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    Do We Really Understand What The Weather Forecast Predicts?

    By Margarita Nahapetyan

    Many people have no idea what they are told on television weather forecasts. According to the scientists from the University of Washington, only about half of the population understand what a forecast means when it predicts a 20 per cent chance of rain.

    Susan Joslyn, a UW cognitive psychologist and senior lecturer, said that many people think it means that it is going to rain 20 per cent of the day, or at any given moment, it is raining over 20 per cent of the area. In fact, it means that for the forecasted atmospheric conditions, it will rain 20 per cent of the time. Or, in simpler words, if you had 10 days of these exact weather conditions, the rain would reasonably be expected on two of the days.

    If you leave the probability of precipitation aside, most weather channels report just a single value such as the high temperature will be 53 degrees, for example. This is deterministic, said Joslyn, because it makes people think that forecasters are confident that the high temperature will be 53 degrees. But forecast is based on probability and 53 degrees could be just the middle of the range of possible temperatures, say 49 to 56 degrees, she explained.

    In order to find out whether people understand the more familiar probability of precipitation, a technique used in public forecasts since the late 1960s, Joslyn and her colleagues invited more than 450 Pacific Northwest college students to take part in their three experiments. If college educated students could not understand anything, then maybe there really is a problem with how meteorologists deliver the weather, the researchers said.

    In the first experiment, the forecasts of either a low or a high percentage chance of precipitation accompanied by a number of icons, have been evaluated. The icons were visual representations of the chance of rain. In addition to using a simplified cloud icon that is frequently shown in many TV and newspaper forecasts, the researchers also used pie charts and bar graphs to show the chances of rain. Each participant only saw one forecast and one icon, and was asked then to fill out a questionnaire.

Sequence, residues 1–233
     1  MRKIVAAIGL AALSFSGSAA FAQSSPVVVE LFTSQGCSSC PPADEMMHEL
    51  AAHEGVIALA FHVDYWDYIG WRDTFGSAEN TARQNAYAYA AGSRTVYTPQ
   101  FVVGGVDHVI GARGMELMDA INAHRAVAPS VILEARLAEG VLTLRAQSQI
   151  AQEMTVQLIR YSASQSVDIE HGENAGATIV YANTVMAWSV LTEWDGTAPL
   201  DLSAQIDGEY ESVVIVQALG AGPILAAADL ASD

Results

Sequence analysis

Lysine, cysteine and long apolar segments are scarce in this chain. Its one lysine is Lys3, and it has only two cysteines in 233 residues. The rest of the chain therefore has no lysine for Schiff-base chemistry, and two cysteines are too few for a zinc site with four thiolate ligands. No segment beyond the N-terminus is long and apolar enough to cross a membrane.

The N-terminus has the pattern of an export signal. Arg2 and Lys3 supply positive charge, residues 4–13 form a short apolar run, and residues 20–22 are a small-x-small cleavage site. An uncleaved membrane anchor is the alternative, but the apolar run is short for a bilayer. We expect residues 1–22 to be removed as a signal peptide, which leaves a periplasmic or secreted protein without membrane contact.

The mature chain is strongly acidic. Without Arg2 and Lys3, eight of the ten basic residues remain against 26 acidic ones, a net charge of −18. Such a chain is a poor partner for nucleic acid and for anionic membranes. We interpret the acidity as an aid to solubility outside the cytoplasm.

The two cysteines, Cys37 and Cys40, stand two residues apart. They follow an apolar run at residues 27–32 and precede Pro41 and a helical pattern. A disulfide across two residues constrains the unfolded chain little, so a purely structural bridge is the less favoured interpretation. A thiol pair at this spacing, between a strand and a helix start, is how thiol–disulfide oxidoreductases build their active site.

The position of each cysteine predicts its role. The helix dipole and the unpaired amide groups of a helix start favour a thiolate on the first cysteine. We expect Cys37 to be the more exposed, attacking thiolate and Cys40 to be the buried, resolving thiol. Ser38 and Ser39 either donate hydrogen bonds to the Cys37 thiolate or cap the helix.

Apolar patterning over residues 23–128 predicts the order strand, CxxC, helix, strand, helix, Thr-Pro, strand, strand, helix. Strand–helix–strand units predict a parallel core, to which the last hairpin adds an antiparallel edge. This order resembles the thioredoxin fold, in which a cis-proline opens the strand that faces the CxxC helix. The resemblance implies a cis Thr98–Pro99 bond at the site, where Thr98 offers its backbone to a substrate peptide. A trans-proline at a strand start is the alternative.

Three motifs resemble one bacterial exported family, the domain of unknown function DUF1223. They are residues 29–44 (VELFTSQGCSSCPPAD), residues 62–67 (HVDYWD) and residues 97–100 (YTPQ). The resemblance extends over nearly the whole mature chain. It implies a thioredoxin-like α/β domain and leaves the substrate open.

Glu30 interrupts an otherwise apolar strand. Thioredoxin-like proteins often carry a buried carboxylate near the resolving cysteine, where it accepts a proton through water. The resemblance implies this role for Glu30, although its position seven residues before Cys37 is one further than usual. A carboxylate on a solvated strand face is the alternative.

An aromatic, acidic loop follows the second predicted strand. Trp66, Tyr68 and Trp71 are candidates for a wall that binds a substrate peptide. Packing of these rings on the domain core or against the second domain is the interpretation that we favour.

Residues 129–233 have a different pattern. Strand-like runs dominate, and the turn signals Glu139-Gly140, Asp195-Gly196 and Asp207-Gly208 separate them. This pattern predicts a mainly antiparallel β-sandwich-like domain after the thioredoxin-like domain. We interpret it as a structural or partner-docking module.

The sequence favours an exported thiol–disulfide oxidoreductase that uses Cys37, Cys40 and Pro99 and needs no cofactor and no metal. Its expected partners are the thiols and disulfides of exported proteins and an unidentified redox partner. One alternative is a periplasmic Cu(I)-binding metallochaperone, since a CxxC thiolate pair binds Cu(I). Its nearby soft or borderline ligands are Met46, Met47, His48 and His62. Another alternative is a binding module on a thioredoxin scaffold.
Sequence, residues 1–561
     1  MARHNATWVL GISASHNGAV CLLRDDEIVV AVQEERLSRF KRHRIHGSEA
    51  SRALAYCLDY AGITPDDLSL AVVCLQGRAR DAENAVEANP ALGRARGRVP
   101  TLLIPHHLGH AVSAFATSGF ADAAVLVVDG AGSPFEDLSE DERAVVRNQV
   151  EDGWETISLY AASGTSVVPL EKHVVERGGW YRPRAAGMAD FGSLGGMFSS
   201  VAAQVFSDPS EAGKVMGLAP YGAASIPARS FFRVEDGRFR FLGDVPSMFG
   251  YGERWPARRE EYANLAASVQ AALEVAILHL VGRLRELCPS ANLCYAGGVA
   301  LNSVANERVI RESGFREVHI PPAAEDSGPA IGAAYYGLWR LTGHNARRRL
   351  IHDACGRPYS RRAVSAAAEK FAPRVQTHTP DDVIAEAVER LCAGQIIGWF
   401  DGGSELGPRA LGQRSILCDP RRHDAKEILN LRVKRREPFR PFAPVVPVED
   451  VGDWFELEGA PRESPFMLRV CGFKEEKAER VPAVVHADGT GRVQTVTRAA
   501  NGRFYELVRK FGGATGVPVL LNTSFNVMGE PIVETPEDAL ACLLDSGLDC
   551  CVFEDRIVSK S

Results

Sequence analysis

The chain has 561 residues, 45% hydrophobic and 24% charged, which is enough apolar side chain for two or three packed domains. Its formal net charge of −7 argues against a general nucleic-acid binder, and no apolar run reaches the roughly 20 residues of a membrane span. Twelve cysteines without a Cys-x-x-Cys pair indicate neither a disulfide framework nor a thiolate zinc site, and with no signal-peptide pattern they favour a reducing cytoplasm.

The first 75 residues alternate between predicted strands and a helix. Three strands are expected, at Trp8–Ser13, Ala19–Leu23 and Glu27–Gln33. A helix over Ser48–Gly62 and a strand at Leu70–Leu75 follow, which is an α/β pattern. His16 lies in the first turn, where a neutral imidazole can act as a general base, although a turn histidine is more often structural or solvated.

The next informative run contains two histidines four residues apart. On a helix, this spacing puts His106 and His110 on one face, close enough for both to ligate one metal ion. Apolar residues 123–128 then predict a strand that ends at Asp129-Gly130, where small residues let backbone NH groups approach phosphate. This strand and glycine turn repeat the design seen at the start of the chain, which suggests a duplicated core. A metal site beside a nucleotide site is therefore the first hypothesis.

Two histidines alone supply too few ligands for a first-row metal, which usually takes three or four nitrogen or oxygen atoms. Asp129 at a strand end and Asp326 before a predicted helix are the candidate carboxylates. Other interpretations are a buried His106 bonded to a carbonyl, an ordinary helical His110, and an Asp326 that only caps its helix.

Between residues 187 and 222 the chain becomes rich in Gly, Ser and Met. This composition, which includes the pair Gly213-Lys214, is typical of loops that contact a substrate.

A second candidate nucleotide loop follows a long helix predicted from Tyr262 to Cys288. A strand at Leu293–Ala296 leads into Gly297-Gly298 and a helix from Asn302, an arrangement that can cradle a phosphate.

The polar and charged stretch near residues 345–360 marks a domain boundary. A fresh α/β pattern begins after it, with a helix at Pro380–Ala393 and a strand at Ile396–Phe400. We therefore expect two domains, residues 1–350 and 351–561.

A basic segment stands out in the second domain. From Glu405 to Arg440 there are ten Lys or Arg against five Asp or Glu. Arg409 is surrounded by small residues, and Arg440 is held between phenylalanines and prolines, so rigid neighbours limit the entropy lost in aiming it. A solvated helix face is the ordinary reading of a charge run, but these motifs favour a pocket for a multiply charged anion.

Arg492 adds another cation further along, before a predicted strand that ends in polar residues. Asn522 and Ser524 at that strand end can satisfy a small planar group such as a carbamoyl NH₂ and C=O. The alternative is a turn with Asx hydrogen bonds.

Two of the questions asked how much of the time it would rain and approximately in what part of the region it was more likely to rain today. The correct answer for both questions was "cannot tell from this forecast," and only 43 per cent of the participants correctly answered both of the questions. Those who did not get the right answer, were more likely to say that they would wear a hooded jacket or take an umbrella, actions suggesting that they were getting a deterministic forecast for precipitation.

    For the second experiment, the scientists used the same procedure with the exception that the students were asked open-ended, rather than questions with multiple choices, about similar weather forecasts. When asked to explain how they understood the probability of precipitation, just few of the students managed to do so and the percentage of those who got the right responds was almost the same as in the first experiment.

    In the experiment number three, the students were offered one of the three different forecasts. In the first one, the conventional chance of rain forecast appeared on the screen. In the second one, the chance of rain as well as the chance of no rain was presented. And finally, in the third forecast, the pie chart icon appeared beneath the chance of rain. This time 52 per cent of the participants knew that the forecast did not predict how much of the time and in which part of the region it would rain. Also, the chances of making a mistake were significantly lower if the phrase about a chance of no rain was mentioned in the forecast.

    The experts said that the last experiment provides the first evidence that percent of time and area misconceptions can be weakened by a statement that there is a chance it will not rain. She added that if people misunderstand a probabilistic forecast to mean that the rain, snow or storm will definitely happen - in some part of the area or for some pariod of the time - they are more likely to take precautions than if they understand that the event has a less-than-certain chance of occurring. If the precaution is just to carry an umbrella, there is not much to worry about. However, if it comes to evacuation before a hurricane or a tropical storm, closing schools before a snowstorm, and so on, then the consequences of statistical illiteracy are going to be much more serious.

    The findings are published in the Bulletin of the American Meteorological Society. The research was funded by the National Science Foundation.

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